The number of new construction schemes in Manchester fell by almost half in 2019, new research has revealed.
Deloitte’s annual Crane Survey gives a general snapshot of development across the city centres of Manchester and Salford and is seen as a significant measure of economic health.
Since 2014, transformation of the skyline has been relentless, particularly in the number of apartments and flats built.
Deloitte hailed 2018 as a record-breaking year with more than 14,000 residential units under construction and 44 new schemes started.
Partner Simon Bedford said at the time:”Manchester has firmly established itself as one of Europe’s fastest growing cities.
“We’ve reached the point where Manchester should be judged by different criteria from other UK regional cities.
“Manchester is now in a different league, genuinely competing with other European and international cities.”
Fast forward twelve months and the headlines are more mixed.
The 27 schemes completed in 2019 is the second highest since Deloitte’s survey began in 2002.
But the number of new starts has fallen by 48 per cent to 23, and the number of residential units under construction has fallen by around 2,000 compared to 2018.
(Image: Mark Waugh Manchester Press Photography Ltd)
A number of key developments were completed last year, including West Tower in Deansgate Square, Trinity Blackfriars and the first phase of Manchester Life.
And more are on their way in 2020, especially in the hotel sector which is booming.
Officials at the Greater Manchester Chamber of Commerce expressed concerns last year that the number of new projects was ‘drying up’, while small business leaders complained that Brexit uncertainty was resulting in a lack of confidence.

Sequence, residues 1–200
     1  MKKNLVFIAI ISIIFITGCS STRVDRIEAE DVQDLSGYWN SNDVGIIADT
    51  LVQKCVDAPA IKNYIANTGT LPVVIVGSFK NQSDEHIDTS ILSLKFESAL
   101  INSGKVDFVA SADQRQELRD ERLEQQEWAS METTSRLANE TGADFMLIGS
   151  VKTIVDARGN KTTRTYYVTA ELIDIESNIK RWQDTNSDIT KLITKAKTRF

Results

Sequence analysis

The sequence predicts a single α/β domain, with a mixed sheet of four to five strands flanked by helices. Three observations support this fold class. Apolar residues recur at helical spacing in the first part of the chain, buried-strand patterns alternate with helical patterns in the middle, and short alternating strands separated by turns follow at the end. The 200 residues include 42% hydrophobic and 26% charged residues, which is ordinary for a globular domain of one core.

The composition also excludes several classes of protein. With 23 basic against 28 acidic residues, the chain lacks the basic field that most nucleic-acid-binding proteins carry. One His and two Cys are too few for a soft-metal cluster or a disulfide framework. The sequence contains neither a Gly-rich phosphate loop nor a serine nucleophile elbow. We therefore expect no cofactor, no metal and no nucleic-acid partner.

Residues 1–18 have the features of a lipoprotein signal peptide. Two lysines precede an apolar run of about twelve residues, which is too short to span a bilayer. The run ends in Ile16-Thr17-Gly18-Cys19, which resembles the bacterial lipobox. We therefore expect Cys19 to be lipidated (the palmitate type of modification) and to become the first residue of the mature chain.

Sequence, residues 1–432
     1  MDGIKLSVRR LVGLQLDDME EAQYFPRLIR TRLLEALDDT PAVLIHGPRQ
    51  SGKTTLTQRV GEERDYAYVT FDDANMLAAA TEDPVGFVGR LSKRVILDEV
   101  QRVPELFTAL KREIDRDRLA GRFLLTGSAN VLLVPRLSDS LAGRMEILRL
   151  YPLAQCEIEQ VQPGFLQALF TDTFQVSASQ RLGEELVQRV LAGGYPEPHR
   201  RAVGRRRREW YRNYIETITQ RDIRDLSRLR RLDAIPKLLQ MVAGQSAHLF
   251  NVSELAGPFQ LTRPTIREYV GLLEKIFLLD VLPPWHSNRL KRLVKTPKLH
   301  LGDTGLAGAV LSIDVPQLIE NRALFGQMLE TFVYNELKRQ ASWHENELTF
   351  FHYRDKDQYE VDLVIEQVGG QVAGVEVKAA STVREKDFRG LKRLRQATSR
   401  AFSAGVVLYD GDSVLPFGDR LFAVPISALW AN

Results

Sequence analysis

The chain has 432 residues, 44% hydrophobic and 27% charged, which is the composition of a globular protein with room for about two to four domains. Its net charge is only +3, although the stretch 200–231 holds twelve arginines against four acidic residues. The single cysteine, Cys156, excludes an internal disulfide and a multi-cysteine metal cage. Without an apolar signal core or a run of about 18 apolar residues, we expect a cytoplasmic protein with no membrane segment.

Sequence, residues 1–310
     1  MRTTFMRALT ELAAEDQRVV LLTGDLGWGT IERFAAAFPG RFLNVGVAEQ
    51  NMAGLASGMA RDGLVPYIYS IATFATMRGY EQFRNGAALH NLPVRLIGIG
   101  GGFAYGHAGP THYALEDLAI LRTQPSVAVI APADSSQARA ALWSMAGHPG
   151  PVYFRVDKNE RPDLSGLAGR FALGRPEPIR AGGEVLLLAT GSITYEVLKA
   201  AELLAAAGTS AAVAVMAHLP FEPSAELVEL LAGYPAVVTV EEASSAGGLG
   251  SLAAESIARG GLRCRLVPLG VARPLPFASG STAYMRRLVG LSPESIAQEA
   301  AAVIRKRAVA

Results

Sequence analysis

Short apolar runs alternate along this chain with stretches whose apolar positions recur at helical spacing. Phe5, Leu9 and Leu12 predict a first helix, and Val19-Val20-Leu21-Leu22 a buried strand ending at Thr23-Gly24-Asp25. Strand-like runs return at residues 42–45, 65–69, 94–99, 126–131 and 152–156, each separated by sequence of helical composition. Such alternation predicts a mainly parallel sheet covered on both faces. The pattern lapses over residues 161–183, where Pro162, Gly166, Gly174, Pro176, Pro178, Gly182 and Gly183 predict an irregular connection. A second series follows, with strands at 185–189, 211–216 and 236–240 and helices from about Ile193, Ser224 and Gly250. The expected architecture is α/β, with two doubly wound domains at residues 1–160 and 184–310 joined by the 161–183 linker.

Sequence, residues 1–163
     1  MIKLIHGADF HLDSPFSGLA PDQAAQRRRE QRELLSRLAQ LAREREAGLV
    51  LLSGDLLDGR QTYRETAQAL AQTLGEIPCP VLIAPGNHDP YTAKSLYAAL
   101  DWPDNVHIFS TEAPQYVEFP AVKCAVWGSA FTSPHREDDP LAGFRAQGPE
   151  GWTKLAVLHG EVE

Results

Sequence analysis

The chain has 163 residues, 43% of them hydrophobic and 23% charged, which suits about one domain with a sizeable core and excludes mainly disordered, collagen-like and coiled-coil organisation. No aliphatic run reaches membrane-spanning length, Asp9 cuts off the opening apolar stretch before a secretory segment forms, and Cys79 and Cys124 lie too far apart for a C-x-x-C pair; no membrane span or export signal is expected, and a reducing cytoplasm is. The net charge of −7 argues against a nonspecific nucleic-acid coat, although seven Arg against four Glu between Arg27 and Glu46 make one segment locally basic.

While by no means sounding the alarm of doom and gloom, the Deloitte reports suggests that Manchester’s construction activity may have hit its peak.
Partner John Cooper said: “This years’ results also show a slight reduction in new starts.
“This could suggest that last year’s record results, in terms of overall activity, may prove to have been a peak in the current development cycle.
“To be clear however, the latest results still represent one of the highest levels of construction activity since our records began in 2002, and given the geo-political uncertainty experienced in recent times, this is a further testament to the city’s market strength, profile and resilience.”
The findings of the report also suggested that construction is moving further outwards from the city centre.
Salford accounted for 43 per cent of the residential units under construction in 2019, more than 5,000 compared with 1,782 in Manchester city centre.
Deloitte said this shift in activity is expected to continue with 75 per cent of new residential developments in 2019 taking place in Salford and ‘Southern Arc’, the area to the south of the city centre.
Simon Bedford, partner at Deloitte Real Estate, said: “In 2014, we saw a huge surge in construction activity across both Manchester and Salford that lasted, in earnest, until 2019.
“Now, while the number of new starts is levelling out, we are seeing the results of Manchester’s construction boom reflected in the city’s skyline.
“The strength of the commercial sector is a promising sign for the city, as we continue to see an increased demand for high quality office space.
“When these office schemes ate completed, it is estimated that this will add 15,500 new jobs, £570m in gross value added and £309m in wages to the regional economy.”
Sir Richard Leese, leader of Manchester City Council, said: “New residential schemes have helped to kickstart regeneration in many key areas of the city.
“Emerging neighbourhoods such as New Islington and Ancoats are now some of the most desirable locations in Manchester, with a new generation of social housing helping to support communities.”